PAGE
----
For people with large lists, low open rates are common. In attempts to increase open rates and communicate better with our lists, we need to know who on our list is still interested in what we have to offer. How can we determine that? One way is to track any actions a lead takes.
A lead shows that he/she is reading and responding to our emails when they take an action. The actions we want to look for are when someone opens an email, when someone clicks a link in an email, when someone fills out a webform, and when someone purchases something.
When we track who is taking an action, we can determine who is still interested in what we have to offer, or engaged in our emails. When we know this, we can increase our open rate by keeping track of those who are engaged or are not engaged in our communications and treat them differently.
We can use tags or lists to determine who is taking certain actions. When someone fills out a webform, they should get a tag for that or be put on a list. When someone clicks on a link, they get a tag for that. When someone buys something, they should always get a tag for that. However, in addition to getting prospect tags or customer tags, I choose to use trigger tags (I make a trigger category) specifically for keeping track of these actions. I use a loop such that when someone receives one of these trigger tags, they go back to the start of the queue. If they’ve been in this queue for say 6 months without taking an action, then they get sent into a re-engagement strategy campaign. That way we know who’s taken an action within the last 6 months.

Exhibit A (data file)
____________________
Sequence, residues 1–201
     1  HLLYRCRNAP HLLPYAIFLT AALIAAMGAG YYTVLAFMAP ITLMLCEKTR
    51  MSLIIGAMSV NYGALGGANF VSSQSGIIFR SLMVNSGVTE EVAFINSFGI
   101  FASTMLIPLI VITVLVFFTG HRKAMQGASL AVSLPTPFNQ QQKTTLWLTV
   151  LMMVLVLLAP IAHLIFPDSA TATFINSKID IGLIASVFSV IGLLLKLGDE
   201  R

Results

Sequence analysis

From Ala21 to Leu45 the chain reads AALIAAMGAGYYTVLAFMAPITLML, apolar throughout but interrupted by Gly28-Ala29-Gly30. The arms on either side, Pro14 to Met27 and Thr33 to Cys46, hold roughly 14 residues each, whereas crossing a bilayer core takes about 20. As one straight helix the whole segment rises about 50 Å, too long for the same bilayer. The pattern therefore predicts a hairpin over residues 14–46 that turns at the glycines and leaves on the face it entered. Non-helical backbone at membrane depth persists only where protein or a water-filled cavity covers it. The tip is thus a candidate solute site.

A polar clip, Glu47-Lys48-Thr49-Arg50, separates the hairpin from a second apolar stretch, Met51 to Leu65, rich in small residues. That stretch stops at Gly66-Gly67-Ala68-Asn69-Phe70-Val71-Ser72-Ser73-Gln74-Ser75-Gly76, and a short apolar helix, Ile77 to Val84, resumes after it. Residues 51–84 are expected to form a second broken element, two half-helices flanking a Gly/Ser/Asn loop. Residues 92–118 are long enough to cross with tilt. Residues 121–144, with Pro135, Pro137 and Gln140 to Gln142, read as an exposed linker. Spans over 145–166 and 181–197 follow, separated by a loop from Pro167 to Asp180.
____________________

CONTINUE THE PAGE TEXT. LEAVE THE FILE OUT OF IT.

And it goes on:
For those who take actions, we could reward them after taking so many actions (like with an Amazon gift card or a discount code), and for those who don’t take actions, we could send them into a re-engagement campaign, which I’ll discuss more in my next blog post in this series.
If you don’t have a system that can do the things mentioned automatically for you, reach out to me here and let me know. I can help set this up for you.
Check out my other blog posts in this series:
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